Apple has been developing some revamped Mac laptops for several months and years, such as an ultra-slim 12-inch Retina MacBook, and the key to shipping these products is the availability of Intel’s upcoming Broadwell chip. Why? Because the new 14nm Broadwell Core M chip is fanless, small, and according to Intel, the most energy-efficient Intel processor yet. These facts about the processor lineup directly with the rumors of a fanless and light MacBook. Today, Intel has disclosed some new key points about the Core M Broadwell processor:
Notably, as Intel executives hinted earlier this year, Intel is still on track to ship out chips in time for new products to hit this holiday season, and it seems likely that the new 12-inch MacBook will be one of the first major computer launches with the new processor. Intel says that increased availability for the Broadwell processor will occur in the first half of 2015, so it wouldn’t be a stretch to expect various other new Macs (perhaps MacBook Pros or Airs) with more powerful Broadwell chips to hit the market during that timeframe next year.
Filed under: AAPL Company Tagged: Apple, Broadwell, Haswell, Intel, MacBook, Macintosh, Original equipment manufacturer, Skylake
A MacBook, a flatscreen monitor rescued from a dumpster, a few parts bought on eBay and an abandoned McDonalds as a base may seem a reasonable basis for a hobbyist electronics project of some kind – but taking control of an abandoned NASA spacecraft might feel a little ambitious. Not so, says a team of nine geeks who have successfully taken control of ISEE-3, a spacecraft launched by NASA 36 years ago to measure the solar wind and radiation. The story of what has to be a strong candidate for coolest thing ever is told in full in BetaBeat.
The satellite’s battery has been dead for over 20 years, but it had solar panels to power 98 percent of the satellite’s full capabilities. In its heyday, it ran missions around the Moon and Earth, and flew through the tail of a comet. But technology gets old, and everyone happily let the successful satellite go, knowing it would be back in Earth’s orbit someday — namely, 2014.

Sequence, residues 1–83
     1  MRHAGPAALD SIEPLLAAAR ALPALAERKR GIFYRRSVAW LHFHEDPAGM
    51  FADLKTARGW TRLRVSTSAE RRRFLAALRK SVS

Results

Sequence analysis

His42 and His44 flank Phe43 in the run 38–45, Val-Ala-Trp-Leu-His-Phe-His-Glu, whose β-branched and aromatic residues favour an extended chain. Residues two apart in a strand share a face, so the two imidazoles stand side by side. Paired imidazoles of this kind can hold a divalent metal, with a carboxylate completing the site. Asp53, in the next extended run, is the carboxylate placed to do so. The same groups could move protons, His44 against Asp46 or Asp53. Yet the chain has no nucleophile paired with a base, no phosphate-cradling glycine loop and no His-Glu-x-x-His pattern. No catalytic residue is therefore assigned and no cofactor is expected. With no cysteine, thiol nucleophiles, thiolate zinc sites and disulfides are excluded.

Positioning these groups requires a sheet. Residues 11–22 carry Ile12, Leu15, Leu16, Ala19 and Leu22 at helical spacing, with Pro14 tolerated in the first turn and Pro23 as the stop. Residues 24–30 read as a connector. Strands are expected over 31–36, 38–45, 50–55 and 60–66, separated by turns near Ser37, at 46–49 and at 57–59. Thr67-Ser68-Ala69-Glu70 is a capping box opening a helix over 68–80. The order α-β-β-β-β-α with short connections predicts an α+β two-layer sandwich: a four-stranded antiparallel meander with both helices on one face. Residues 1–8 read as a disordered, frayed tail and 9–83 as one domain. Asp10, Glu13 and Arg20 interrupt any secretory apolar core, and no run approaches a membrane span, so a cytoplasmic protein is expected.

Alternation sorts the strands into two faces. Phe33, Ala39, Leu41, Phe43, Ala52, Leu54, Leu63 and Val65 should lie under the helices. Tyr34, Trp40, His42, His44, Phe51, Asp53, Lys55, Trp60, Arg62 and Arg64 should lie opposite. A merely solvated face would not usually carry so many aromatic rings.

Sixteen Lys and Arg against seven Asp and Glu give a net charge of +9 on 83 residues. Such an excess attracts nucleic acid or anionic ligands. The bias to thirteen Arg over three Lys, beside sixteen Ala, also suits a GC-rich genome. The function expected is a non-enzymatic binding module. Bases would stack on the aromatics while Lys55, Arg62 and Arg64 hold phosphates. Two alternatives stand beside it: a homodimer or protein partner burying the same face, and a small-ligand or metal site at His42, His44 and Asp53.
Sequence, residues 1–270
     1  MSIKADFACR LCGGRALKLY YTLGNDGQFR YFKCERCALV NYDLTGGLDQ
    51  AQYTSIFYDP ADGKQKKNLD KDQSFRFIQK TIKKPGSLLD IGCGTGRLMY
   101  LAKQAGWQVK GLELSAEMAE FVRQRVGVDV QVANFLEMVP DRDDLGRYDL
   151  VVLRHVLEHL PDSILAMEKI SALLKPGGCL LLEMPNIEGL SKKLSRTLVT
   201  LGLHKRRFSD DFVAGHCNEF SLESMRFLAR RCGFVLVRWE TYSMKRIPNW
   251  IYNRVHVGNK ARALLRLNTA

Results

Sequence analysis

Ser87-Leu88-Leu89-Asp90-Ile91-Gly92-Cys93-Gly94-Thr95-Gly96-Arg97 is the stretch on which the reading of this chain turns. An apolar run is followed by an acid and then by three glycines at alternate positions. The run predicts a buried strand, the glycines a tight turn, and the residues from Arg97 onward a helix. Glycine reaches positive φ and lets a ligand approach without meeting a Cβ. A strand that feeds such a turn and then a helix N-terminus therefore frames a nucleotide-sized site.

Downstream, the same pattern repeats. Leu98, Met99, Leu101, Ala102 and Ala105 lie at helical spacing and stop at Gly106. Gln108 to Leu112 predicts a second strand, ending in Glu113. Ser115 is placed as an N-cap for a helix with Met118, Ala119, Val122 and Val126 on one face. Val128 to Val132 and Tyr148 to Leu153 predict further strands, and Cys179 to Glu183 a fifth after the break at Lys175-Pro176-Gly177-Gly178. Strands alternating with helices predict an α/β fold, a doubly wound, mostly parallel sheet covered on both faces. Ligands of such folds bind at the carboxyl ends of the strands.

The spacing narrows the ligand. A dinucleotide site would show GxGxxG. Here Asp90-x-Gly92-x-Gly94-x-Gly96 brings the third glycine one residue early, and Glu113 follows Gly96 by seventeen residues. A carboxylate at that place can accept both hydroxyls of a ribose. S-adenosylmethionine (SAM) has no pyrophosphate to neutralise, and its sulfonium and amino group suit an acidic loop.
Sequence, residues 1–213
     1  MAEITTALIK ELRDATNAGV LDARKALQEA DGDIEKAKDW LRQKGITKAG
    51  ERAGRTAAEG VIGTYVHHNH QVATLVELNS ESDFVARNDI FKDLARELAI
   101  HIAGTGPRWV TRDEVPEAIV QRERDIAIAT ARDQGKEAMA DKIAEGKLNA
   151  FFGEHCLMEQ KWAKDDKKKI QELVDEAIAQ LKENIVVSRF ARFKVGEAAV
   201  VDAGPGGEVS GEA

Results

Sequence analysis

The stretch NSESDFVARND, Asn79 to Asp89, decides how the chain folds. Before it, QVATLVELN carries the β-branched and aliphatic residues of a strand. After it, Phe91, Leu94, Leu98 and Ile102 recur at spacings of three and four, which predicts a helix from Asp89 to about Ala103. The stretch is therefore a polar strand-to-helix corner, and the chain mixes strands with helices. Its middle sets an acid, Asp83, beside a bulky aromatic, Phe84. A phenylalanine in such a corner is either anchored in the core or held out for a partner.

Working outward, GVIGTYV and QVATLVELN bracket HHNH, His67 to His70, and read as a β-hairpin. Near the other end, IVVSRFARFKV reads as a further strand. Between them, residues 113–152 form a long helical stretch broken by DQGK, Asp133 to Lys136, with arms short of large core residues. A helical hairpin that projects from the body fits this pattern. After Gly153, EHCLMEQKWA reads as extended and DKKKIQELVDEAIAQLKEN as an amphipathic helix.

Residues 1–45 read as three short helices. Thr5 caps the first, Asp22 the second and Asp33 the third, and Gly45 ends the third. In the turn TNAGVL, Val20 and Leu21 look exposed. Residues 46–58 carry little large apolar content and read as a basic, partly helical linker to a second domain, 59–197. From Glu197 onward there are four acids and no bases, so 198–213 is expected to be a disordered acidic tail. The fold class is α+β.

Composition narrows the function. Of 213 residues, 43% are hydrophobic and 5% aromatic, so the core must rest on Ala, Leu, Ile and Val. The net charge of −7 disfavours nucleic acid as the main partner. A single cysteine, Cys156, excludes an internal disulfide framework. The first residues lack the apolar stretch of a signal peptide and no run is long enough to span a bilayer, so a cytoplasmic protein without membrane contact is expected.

Since the satellite went offline, the team had retired, the documentation was lost and the equipment was outdated. They could still hear the satellite out there talking, but they’d need to build the equipment to talk back.
They did have a few more expensive requirements, like a helicopter to lift a transmitter into place, but a crowdfunding campaign took care of the costs. There was then the small matter of getting permission from NASA, no doubt helped by one of the team being a former employee.
They brought the idea to NASA, but there was no precedent on which to base an agreement. No external organization has ever taken command of a spacecraft, but NASA didn’t want to say no, so they asked the team if they needed any help.
Astonishingly, they’ve now successfully placed the craft in a new orbit around the sun, and Google has helped them build a website that will be used to share data transmitted back from it – appropriately enough named Spacecraft For All. The full story is well worth a read.
Filed under: Tech Industry Tagged: eBay, Google, International Cometary Explorer, ISEE-3, MacBook, McDonald, Moon, NASA, Space
Earlier this month, Apple released a MacBook Air EFI update (version 2.9) with fixes for issues with the laptop waking from sleep. Approximately a week ago, the firmware update was removed by Apple because of bugs causing MacBook Airs to crash.
Today, Apple has re-released the update with fixes as version 2.9.1:
This update replaces EFI Firmware Update 2.9 and is recommended for MacBook Air (Mid 2011) models.
The update can be found for mid-2011 MacBook Air owners in the Software Update section of the Mac App Store.
Filed under: AAPL Company Tagged: 2011 MacBook Air, Apple, Apple Software Update, Firmware, Mac App Store, MacBook, MacBook Air, update
Following up the last Modbook Pro tablet the company is currently selling made from a converted mid-2012 MacBook Pro, today Modbook is back with the announcement of a 15-inch ModBook tablet that uses the new Retina MacBooks Apple just refreshed this week as its guts. For those of you unfamiliar with the company, it first started making OS X based tablets by converting Apple laptops and adding pen input capabilities as far back as 2007.
For the new model, Modbook is turning to Kickstarter to raise funds and take preorders with the base 2.2GHz model coming in at $4000. Apart from the pen-input and some design tweaks during the conversion, the specs remain the same as Apple’s MacBooks and the company can also mod your MacBook for a cool $1999 (also an option for backers on Kickstarter). If successful raising $150k through its funding campaign, it plans to start shipping the Modbook Pro X to backers that provided their own Mac in early 2015.
Another addition in this year’s model is an option for “rear-mounted Keybars” that provide quick keys for shortcuts. There is also detachable Keyboard Stand that is available for the tablet. The Keybars are programmable and the company imagines them being used for quick commands (think command + S for saving) with one hand while the other is occupied with the tablet’s stylus. Both of these optional features are pictured above and will add to the base prices mentioned above, as will opting for models of the Macbook Pro other than the base 2.2GHz option.
In case you’re wondering, the conversion process does void your warranty with Apple, but Modbook provides its own that covers all the hardware. You can learn more and preorder by backing the Kickstarter campaign here.
Filed under: Mac Tagged: 15-inch, MacBook, Modbook Pro, OS X, pen, Retina, tablet, Touch